Is your name Worthington?

If so, your ancestors may have lived in a township of this name near Wigan in the 13th century.

In 1212 Thomas de Worthington was holding half a knight's fee of Robert de Grelley, and about 1242 William de Worthington, his son, had a similar holding in Rumworth from Thomas, son of Robert de Grelley.

Thomas de Worthington made grants of land to Cockersands Abbey, and in 1276 Hugh de Longworth granted lands in Longworth to William de Worthington, who held the manor of Worthington. The early descents of the family are difficult to trace, but it appears that William had a son, Hugh, who had a grant of land in Rivington about 1300. From about 1288 Hugh de Worthington rendered a pair of spurs annually for having rights of common in Standish. He married Denise, widow of Richard Halsall, about 1279. Hugh, probably son of Hugh, held lands in 1355, which his ancestor William formally held, and about 1377 Nicholas de Worthington was in trouble for cutting down trees and breaking closes at Horwich.

Hugh was followed by his son William, who married Jane Norris of Speke. Their son Richard married Agnes, daughter of Holcroft of Holcroft and Little Bolton, who is described as a widow in 1554. Three generations later Thomas Worthington of Worthington entered his pedigree in 1613, and his son William had to pay £10 for refusing a knighthood in 1631.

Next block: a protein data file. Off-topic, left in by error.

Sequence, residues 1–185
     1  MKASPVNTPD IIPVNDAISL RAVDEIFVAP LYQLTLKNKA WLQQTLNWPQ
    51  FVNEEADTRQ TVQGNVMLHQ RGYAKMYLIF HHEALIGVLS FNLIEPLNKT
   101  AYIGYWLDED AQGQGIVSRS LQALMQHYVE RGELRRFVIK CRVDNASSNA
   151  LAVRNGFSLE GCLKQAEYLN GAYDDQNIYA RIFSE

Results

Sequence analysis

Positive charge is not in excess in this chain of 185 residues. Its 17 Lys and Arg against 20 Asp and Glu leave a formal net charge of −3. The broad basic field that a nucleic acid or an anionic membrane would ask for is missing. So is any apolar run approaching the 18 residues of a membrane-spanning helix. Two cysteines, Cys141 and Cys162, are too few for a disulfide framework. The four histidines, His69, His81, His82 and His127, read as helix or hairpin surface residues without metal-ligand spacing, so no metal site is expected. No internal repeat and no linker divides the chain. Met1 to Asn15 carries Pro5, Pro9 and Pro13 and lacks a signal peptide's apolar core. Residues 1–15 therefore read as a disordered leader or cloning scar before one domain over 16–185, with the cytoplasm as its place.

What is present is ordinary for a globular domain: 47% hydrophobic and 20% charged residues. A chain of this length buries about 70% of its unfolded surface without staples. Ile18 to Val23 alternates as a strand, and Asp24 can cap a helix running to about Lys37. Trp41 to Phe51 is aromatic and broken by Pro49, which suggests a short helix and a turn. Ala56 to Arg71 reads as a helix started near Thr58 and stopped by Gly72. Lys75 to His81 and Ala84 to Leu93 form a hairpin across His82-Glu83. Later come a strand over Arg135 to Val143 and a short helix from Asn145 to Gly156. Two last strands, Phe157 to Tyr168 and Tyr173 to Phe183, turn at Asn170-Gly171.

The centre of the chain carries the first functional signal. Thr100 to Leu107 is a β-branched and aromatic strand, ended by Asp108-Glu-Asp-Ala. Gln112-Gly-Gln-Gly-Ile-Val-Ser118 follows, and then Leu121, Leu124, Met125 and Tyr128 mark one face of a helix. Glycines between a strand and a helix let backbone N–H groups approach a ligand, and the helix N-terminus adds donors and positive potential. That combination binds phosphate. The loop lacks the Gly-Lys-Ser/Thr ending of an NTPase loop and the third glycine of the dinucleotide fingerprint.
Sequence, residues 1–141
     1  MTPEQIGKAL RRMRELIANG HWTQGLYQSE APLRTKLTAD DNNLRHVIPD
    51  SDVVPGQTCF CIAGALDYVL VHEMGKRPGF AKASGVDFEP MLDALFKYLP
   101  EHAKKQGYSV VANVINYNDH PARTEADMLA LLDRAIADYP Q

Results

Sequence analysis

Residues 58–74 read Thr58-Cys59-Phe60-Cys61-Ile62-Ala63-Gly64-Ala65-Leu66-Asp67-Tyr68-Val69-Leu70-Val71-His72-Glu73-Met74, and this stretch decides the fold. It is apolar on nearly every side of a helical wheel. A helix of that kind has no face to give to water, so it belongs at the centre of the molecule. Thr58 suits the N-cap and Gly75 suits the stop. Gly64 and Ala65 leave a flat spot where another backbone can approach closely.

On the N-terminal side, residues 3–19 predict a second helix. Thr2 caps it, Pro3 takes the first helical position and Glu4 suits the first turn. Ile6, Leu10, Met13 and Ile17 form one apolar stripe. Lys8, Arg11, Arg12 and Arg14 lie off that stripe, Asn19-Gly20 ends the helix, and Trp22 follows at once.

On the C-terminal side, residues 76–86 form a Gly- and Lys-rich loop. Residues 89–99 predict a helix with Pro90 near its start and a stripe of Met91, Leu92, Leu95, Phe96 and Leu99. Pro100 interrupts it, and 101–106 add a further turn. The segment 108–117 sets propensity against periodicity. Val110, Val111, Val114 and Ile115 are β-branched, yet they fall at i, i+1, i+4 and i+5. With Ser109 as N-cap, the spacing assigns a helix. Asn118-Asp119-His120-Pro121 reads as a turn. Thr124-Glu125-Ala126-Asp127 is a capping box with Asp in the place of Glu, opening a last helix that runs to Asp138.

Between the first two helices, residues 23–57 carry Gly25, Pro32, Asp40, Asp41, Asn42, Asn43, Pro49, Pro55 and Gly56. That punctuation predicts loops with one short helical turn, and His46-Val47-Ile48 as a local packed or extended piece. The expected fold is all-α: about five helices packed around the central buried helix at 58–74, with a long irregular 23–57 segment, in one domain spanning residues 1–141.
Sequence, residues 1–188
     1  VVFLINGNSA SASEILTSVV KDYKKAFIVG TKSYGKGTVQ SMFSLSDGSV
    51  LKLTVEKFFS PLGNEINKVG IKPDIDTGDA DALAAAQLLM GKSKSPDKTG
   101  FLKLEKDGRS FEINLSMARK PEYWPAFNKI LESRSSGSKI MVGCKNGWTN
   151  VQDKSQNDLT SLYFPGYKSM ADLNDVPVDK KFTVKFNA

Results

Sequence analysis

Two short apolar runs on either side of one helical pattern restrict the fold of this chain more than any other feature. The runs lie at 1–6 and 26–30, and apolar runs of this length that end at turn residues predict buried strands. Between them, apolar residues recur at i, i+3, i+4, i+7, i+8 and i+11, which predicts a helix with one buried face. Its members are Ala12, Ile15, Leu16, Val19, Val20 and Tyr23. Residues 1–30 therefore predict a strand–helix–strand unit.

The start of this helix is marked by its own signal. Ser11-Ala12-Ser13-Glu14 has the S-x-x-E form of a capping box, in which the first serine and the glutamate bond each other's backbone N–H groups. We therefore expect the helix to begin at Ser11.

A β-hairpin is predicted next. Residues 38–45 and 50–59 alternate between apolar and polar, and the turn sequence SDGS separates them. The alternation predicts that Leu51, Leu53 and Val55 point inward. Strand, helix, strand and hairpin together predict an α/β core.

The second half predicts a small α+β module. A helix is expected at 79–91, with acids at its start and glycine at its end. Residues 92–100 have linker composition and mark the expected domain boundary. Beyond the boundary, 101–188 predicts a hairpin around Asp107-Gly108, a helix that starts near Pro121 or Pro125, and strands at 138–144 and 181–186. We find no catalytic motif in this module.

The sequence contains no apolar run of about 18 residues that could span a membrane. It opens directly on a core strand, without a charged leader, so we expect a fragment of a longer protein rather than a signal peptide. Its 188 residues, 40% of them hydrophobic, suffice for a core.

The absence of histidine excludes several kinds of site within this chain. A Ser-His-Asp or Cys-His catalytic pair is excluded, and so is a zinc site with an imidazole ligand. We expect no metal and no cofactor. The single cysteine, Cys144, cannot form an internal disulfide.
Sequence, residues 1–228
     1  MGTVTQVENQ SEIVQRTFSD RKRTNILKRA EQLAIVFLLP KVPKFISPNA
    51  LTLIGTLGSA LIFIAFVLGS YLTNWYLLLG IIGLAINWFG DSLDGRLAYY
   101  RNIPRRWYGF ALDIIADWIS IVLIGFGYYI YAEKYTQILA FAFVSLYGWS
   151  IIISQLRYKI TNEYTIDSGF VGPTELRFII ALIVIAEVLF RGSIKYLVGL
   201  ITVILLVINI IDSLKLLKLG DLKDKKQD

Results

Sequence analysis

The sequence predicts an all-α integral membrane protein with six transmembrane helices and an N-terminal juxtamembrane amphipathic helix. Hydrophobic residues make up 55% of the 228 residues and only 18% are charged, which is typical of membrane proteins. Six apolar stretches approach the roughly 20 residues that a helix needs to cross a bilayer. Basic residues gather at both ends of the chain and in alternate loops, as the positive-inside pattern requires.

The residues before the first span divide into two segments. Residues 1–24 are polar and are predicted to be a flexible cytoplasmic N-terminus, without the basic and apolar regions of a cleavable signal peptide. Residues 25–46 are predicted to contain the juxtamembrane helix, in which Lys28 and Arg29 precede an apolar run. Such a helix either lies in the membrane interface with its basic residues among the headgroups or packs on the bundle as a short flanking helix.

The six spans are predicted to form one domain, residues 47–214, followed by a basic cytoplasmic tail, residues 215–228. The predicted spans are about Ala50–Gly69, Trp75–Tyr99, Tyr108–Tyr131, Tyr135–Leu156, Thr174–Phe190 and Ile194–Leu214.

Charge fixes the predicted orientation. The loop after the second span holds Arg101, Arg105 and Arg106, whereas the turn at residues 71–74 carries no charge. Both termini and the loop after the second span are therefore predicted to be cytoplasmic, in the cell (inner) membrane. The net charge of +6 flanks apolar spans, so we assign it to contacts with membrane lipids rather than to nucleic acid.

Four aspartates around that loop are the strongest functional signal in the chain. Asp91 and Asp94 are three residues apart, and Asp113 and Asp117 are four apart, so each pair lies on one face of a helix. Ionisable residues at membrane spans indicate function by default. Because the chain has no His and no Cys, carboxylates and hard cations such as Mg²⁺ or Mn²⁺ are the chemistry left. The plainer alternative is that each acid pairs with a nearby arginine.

A branch of the Worthingtons settled at Blainscough, being descended from a younger son of the Worthington stock. A notable member of this family was Thomas Worthington, born in 1548. He was educated at Douay and became president of the college. He was sent to England to prepare for the Spanish invasion armada. Early on a February morning in 1684 the sheriff's officers raided Sankey House, Warrington, where Worthington was thought to be hiding. His nephews were captured, but Worthington had left to attend a sick man in the town and thus escaped. He was later captured and imprisoned in the Tower. In spite of his being a Papist priest, influence was brought to bear, his life was spared but he was banished. He died in 1626.

In the 15th century a branch of the family was living at Crawshaw in Adlington. In 1444 Christopher Worthington was responsible for a pardon being granted to James Nowell who had been outlawed. About 1600 James Worthington, second son of Lawrence of Crawshaw, married Anne, heiress of Roger Pendlebury of Smithill and acquired considerable estates. He paid subsidy as a landowner in 1622. Ralph, their eldest son, was a Presbyterian.

Another family of Worthingtons settled at Shevington in Standish and entered their pedigree in 1664.

Source: Lancashire Life Magazine, October 1957.

Arms of Worthington

Arms of Worthington - Argent three dung forks sable.